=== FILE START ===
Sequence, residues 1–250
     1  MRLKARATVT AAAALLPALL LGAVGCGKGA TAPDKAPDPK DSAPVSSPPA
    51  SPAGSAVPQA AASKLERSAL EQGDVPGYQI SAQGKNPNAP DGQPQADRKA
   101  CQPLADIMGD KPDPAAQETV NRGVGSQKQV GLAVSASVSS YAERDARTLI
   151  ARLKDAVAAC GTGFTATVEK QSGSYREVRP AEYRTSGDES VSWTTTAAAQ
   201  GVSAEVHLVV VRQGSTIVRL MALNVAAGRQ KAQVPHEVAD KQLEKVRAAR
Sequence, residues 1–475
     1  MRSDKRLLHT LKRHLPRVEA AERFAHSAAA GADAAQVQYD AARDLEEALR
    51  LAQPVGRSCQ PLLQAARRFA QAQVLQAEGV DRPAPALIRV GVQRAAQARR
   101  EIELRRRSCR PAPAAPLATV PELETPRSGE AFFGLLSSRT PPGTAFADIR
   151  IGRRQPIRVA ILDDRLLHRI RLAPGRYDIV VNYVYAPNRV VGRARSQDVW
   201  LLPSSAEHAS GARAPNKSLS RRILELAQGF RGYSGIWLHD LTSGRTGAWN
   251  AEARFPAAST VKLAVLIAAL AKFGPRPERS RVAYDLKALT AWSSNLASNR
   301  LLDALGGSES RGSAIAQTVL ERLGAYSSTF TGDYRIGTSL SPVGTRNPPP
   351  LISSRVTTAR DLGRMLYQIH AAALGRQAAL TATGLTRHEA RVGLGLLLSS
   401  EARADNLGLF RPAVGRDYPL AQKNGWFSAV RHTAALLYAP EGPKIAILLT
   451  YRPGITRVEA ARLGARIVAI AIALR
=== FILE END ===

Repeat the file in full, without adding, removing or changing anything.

Sequence, residues 1–250
     1  MRLKARATVT AAAALLPALL LGAVGCGKGA TAPDKAPDPK DSAPVSSPPA
    51  SPAGSAVPQA AASKLERSAL EQGDVPGYQI SAQGKNPNAP DGQPQADRKA
   101  CQPLADIMGD KPDPAAQETV NRGVGSQKQV GLAVSASVSS YAERDARTLI
   151  ARLKDAVAAC GTGFTATVEK QSGSYREVRP AEYRTSGDES VSWTTTAAAQ
   201  GVSAEVHLVV VRQGSTIVRL MALNVAAGRQ KAQVPHEVAD KQLEKVRAAR
Sequence, residues 1–475
     1  MRSDKRLLHT LKRHLPRVEA AERFAHSAAA GADAAQVQYD AARDLEEALR
    51  LAQPVGRSCQ PLLQAARRFA QAQVLQAEGV DRPAPALIRV GVQRAAQARR
   101  EIELRRRSCR PAPAAPLATV PELETPRSGE AFFGLLSSRT PPGTAFADIR
   151  IGRRQPIRVA ILDDRLLHRI RLAPGRYDIV VNYVYAPNRV VGRARSQDVW
   201  LLPSSAEHAS GARAPNKSLS RRILELAQGF RGYSGIWLHD LTSGRTGAWN
   251  AEARFPAAST VKLAVLIAAL AKFGPRPERS RVAYDLKALT AWSSNLASNR
   301  LLDALGGSES RGSAIAQTVL ERLGAYSSTF TGDYRIGTSL SPVGTRNPPP
   351  LISSRVTTAR DLGRMLYQIH AAALGRQAAL TATGLTRHEA RVGLGLLLSS
   401  EARADNLGLF RPAVGRDYPL AQKNGWFSAV RHTAALLYAP EGPKIAILLT
   451  YRPGITRVEA ARLGARIVAI AIALR